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What does it mean?
Jan 29, 2009

I have been diagnosed with HIV since 1996. I probably contracted it before then but that is a starting point. My CD4 has been between 400 to 550 and my viral load has been consistantly in the 3300-3700 range,. Since it has been 12 years and still on no meds, what does this mean? Is my body keeping things in check and is it possible to keep this up indefinitely? No one has been able to give me some kind of answer and I was hoping you could help.

Response from Dr. McGowan

I am glad you ahve been doing so well. There is definitely a balance between the immune system and the particular viral strain that is established in each person living with HIV. The height of the viral load is usually associated with how fast the CD4 count will decline. Your viral load is relatively low for a person not on treatment. So a slower progression would be expected. The average time from infection to developing illness from HIV is around 9 to 10 years...that means that half of people (like you) will not get sick after 10 years of being infected. The factors that cause the viral load to be lower in one person than another (called the viral set point) are not all known but some of them include: the strength of your immune response against HIV (through your CD8 cells), the number and type of co-receptors on your CD4 cells that the virus uses to attach to the CD4 cell, the presence of other infections that would stimulate the immune system and may cause more rapid progression, and which receptors your virus uses to enter the CD4 cells. We can't be sure how long things will stay stable, but you should continue to be monitored closely and also continue to protect yourself against getting "re-infected" with HIV since a different strain may cause a more rapid progression.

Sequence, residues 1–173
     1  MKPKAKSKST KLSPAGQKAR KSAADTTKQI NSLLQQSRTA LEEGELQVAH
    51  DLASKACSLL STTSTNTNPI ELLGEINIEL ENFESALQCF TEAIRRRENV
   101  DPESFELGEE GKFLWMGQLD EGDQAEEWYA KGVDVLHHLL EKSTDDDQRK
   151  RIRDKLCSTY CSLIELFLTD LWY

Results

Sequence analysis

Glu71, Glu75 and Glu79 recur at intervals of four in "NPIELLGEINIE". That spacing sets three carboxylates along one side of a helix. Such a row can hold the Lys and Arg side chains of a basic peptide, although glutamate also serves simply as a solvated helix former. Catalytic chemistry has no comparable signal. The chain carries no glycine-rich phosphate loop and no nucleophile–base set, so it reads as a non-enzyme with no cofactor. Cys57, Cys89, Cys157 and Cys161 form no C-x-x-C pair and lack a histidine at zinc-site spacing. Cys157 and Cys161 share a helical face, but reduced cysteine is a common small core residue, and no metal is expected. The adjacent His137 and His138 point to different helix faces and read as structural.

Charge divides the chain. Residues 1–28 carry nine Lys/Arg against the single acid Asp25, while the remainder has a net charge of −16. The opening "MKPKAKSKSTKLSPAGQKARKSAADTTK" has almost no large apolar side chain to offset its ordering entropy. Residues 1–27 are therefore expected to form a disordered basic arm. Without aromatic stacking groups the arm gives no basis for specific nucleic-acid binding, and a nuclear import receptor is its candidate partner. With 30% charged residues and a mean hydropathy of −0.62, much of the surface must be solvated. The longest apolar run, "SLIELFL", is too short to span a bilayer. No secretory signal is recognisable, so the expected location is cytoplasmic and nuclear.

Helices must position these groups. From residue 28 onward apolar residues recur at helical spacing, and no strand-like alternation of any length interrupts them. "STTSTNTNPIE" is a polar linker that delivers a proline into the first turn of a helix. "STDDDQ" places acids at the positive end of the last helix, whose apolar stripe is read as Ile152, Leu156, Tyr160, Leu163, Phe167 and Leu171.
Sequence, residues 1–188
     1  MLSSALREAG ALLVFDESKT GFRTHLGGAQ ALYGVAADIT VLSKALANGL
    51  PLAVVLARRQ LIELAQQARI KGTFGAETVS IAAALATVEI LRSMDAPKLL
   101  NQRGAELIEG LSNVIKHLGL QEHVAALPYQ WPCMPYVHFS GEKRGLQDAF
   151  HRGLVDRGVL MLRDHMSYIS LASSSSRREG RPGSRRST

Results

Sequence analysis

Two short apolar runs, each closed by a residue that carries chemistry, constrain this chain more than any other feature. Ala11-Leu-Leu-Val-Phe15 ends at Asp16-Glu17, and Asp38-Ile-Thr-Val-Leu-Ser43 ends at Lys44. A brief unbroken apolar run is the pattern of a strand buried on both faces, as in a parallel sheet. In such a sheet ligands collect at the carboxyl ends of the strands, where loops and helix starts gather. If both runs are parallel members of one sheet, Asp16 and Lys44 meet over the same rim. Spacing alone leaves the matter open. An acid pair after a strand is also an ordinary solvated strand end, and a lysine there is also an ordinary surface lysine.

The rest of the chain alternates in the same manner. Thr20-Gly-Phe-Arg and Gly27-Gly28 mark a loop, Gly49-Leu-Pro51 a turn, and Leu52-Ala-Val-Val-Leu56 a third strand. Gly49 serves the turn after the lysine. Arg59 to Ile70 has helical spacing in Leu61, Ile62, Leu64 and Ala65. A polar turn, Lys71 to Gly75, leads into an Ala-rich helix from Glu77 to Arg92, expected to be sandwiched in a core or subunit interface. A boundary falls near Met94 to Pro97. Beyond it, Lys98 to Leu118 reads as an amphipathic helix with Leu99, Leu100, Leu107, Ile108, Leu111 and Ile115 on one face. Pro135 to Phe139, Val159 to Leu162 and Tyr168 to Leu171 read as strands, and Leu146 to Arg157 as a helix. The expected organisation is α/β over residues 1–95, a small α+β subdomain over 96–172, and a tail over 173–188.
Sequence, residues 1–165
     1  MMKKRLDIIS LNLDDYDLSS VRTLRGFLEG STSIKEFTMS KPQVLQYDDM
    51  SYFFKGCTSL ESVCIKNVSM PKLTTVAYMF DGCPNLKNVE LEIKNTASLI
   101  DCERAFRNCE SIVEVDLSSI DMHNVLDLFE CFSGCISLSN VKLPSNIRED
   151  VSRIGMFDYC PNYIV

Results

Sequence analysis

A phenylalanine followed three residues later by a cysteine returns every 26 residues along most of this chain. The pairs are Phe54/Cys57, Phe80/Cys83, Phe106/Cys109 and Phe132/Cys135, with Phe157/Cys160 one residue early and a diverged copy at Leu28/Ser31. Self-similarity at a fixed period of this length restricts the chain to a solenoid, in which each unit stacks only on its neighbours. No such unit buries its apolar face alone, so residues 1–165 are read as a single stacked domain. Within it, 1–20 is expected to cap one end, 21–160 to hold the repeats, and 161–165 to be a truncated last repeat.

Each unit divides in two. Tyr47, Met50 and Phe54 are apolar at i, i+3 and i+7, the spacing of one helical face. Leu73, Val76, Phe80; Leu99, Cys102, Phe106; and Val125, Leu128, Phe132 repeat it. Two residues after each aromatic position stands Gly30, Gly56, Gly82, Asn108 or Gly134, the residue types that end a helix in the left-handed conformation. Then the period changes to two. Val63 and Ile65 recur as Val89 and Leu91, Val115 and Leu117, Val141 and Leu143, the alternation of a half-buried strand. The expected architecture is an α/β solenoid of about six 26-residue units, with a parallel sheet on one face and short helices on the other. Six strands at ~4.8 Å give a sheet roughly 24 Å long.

Good luck,

Joe


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